I. What God had done for Israel, to engage them to serve him. 1. He gave them their liberty (2 Kgs. 17:7): He brought them from under the hand of Pharaoh who oppressed them, asserted their freedom (Israel is my son), and effected their freedom with a high hand. Thus they were bound in duty and gratitude to be his servants, for he had loosed their bonds; nor would he that rescued them out of the hand of the king of Egypt have contradicted himself so far as to deliver them into the hand of the king of Assyria, as he did, if they had not, by their iniquity, betrayed their liberty and sold themselves. 2. He gave them their law, and was himself their king. They were immediately under a divine regimen. They could not plead ignorance of good and evil, sin and duty, for God had particularly charged them against those very things which here he charges them with (2 Kgs. 17:15), That they should not do like the heathen. Nor could they be in any doubt concerning their obligation to observe the laws which they are here charged with rejecting, for they were the commandments and statutes of the Lord their God (2 Kgs. 17:13), so that no room was left to dispute whether they should keep them or no. He had not dealt so with other nations, Ps. 147:19, 20. 3. He gave them their land, for he cast out the heathen from before them (2 Kgs. 17:8), to make room for them; and the casting out of them for their idolatries was as fair a warning as could be given to Israel not to do like them.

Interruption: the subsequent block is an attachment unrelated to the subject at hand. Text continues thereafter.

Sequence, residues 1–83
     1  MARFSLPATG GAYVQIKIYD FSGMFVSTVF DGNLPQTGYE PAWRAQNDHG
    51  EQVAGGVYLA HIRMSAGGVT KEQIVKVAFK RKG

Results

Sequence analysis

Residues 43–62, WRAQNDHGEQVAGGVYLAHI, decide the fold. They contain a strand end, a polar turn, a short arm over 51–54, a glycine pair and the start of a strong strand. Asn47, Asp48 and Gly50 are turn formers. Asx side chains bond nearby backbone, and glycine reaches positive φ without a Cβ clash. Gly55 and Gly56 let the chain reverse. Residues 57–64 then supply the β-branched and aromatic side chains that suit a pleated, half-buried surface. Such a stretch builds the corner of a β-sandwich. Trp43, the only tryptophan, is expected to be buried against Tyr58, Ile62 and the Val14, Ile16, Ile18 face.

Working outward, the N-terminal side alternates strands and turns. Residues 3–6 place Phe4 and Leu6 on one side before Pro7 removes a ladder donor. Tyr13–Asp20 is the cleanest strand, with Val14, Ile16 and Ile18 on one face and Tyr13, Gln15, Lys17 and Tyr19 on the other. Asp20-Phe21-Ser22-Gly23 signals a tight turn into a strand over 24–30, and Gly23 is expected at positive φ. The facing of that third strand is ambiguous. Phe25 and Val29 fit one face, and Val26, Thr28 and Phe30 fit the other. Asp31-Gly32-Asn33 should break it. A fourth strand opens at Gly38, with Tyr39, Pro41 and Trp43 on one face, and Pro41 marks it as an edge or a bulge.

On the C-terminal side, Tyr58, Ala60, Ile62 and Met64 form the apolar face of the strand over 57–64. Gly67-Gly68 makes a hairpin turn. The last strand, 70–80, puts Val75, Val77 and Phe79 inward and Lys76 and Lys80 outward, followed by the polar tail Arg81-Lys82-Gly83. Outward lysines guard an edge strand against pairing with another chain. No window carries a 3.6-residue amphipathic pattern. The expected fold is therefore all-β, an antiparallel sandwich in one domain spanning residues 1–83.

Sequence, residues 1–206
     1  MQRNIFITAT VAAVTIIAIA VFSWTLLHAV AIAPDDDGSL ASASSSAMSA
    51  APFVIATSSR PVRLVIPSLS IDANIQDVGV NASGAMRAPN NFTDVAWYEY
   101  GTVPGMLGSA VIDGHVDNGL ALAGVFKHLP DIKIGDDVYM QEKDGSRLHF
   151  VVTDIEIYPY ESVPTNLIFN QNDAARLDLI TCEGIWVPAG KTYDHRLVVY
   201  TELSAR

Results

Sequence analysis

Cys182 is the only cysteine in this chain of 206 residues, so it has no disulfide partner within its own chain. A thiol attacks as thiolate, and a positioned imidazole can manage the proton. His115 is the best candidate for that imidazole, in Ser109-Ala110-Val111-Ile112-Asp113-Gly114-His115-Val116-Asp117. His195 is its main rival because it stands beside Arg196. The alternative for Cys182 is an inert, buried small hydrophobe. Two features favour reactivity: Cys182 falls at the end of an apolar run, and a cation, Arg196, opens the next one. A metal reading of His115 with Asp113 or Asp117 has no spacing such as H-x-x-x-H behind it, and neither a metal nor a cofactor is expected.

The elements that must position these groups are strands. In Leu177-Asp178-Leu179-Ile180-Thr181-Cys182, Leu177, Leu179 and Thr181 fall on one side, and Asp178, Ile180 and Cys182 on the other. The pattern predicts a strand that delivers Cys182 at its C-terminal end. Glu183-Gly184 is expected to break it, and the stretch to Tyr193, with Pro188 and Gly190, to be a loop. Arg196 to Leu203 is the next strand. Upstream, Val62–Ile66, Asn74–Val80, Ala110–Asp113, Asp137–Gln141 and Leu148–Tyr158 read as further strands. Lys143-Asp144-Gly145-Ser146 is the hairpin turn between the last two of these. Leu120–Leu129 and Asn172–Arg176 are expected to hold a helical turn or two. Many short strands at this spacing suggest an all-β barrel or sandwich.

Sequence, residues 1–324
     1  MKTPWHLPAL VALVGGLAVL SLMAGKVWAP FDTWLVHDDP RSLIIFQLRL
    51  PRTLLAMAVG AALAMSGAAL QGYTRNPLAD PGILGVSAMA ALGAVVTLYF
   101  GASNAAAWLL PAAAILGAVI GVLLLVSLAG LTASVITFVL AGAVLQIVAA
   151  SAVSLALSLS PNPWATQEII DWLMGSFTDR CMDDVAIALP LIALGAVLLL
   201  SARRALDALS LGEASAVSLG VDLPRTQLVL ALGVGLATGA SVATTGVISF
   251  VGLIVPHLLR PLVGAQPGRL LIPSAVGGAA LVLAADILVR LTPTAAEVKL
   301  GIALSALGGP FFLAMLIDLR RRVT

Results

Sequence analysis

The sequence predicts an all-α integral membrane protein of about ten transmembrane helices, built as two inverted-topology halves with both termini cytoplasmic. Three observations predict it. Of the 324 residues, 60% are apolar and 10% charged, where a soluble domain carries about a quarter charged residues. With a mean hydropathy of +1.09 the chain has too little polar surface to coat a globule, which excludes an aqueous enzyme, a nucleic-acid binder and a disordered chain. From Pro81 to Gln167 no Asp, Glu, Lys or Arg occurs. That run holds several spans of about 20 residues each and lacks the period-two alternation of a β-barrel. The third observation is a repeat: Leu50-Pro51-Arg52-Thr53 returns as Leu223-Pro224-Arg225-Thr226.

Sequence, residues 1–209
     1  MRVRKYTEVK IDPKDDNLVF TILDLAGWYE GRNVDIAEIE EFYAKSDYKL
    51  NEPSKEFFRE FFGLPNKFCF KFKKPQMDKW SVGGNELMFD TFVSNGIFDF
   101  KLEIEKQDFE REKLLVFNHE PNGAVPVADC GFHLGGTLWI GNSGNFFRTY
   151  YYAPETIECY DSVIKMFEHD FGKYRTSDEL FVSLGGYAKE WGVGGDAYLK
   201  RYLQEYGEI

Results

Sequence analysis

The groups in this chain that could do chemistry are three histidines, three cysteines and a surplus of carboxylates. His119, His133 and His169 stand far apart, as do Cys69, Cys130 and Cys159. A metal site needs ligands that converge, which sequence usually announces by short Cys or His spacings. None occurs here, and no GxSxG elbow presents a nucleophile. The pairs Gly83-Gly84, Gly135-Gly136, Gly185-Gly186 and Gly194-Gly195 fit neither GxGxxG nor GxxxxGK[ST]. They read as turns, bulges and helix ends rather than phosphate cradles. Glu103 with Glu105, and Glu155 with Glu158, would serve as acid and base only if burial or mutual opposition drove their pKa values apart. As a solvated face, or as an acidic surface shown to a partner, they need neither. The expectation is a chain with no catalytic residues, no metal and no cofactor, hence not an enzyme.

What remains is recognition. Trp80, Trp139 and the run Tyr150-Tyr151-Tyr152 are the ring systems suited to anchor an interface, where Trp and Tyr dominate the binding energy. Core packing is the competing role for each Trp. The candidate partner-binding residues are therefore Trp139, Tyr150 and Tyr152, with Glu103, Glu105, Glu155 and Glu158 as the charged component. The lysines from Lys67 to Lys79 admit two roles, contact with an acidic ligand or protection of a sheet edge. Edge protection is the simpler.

II. What they had done against God, notwithstanding these engagements which he had laid upon them. 1. In general. They sinned against the Lord their God (2 Kgs. 17:7), they did those things that were not right (2 Kgs. 17:9), but secretly. So wedded were they to their evil practices that when they could not do them publicly, could not for shame or could not for fear, they would do them secretly—an evidence of their atheism, that they thought what was done in secret was from under the eye of God himself and would not be required. Again, they wrought wicked things in such a direct contradiction to the divine law that they seemed as if they were done on purpose to provoke the Lord to anger (2 Kgs. 17:11), in contempt of his authority and defiance of his justice. They rejected God’s statutes and his covenant (2 Kgs. 17:15), would not be bound up either by his command or the consent they themselves had given to the covenant, but threw off the obligations of both, and therefore God justly rejected them, 2 Kgs. 17:20. See Hos. 4:6. They left all the commandments of the Lord their God (2 Kgs. 17:16), left the way, left the work, which those commandments prescribed them and directed them in. Nay, lastly, they sold themselves to do evil in the sight of the Lord, that is, they wholly addicted themselves to sin, as slaves to the service of those to whom they are sold, and, by their obstinately persisting in sin, so hardened their own hearts that at length it had become morally impossible for them to recover themselves, as one that has sold himself has put his liberty past recall. 2. In particular. Though they were guilty (no doubt) of many immoralities, and violated all the commands of the second table, yet nothing is here specified, but their idolatry. This was the sin that did most easily beset them; this was, of all sins, most provoking to God: it was the spiritual adultery that broke the marriage-covenant, and was the inlet of all other wickedness. Hence it is again and again mentioned here as the sin that ruined them. (1.) They feared other gods (2 Kgs. 17:7), that is, worshipped them and paid their homage to them, as if they feared their displeasure. (2.) They walked in the statutes of the heathen, which were contrary to God’s statutes (2 Kgs. 17:8), did as did the heathen (2 Kgs. 17:11), went after the heathen that were round about them (2 Kgs. 17:15), so prostituting the honour of their peculiarity, and defeating God’s design concerning them, which was that they should be distinguished from the heathen. Must those that were taught of God go to school to the heathen—those that were appropriated to God take their measures from the nations that were abandoned by him? (3.) They walked in the statutes of the idolatrous kings of Israel (2 Kgs. 17:8), in all the sins of Jeroboam, 2 Kgs. 17:22. When their kings assumed a power to alter and add to the divine institutions they submitted to them, and thought the command of their kings would bear them out in disobedience to the command of their God. (4.) They built themselves high places in all their cities, 2 Kgs. 17:9. If in any place there was but the tower of the watchmen (a country tower that had no walls, but only a tower to shelter the watch in time of danger), or but a lodge for shepherds, it must be honoured with a high place, and that with an altar. If there was a fenced city, it must be further fortified with a high place. Having forsaken God’s only place, they knew no end of high places, in which every man followed his own fancy and directed his devotion to what god he pleased. Sacred things were hereby profaned and laid common, when their altars were as heaps in the furrows of the field, Hos. 12:11. (5.) They set them up images and groves—Asherim (even wooden images, so some think the term, which we translate groves, should be rendered) or Ashtaroth (so others)--directed contrary to the second commandment, 2 Kgs. 17:10. They served idols (2 Kgs. 17:12), the works of their own hands and creatures of their own fancy, though God had warned them particularly not to do this thing. (6.) They burnt incense in all the high places, to the honour of strange gods, for it was to the dishonour of the true God, 2 Kgs. 17:11. (7.) They followed vanity. Idols are called so, because they could do neither good nor evil, but were the most insignificant things that could be; those that worshipped them were like unto them, and so they became vain and good for nothing (2 Kgs. 17:16), vain in their devotions, which were brutish and ridiculous, and so became vain in their whole conversation. (8.) Besides the molten images, even the two calves, they worshipped all the host of heaven—the sun, moon, and stars: for it is not meant of the heavenly host of angels; they could not rise so far above sensible things as to think of them. And, withal, they served Baal, the deified heroes of the Gentiles, 2 Kgs. 17:16. (9.) They caused their children to pass through the fire, in token of their dedicating them to their idols. (10.) They used divinations and enchantments, that they might receive directions from the gods to whom they paid their devotions.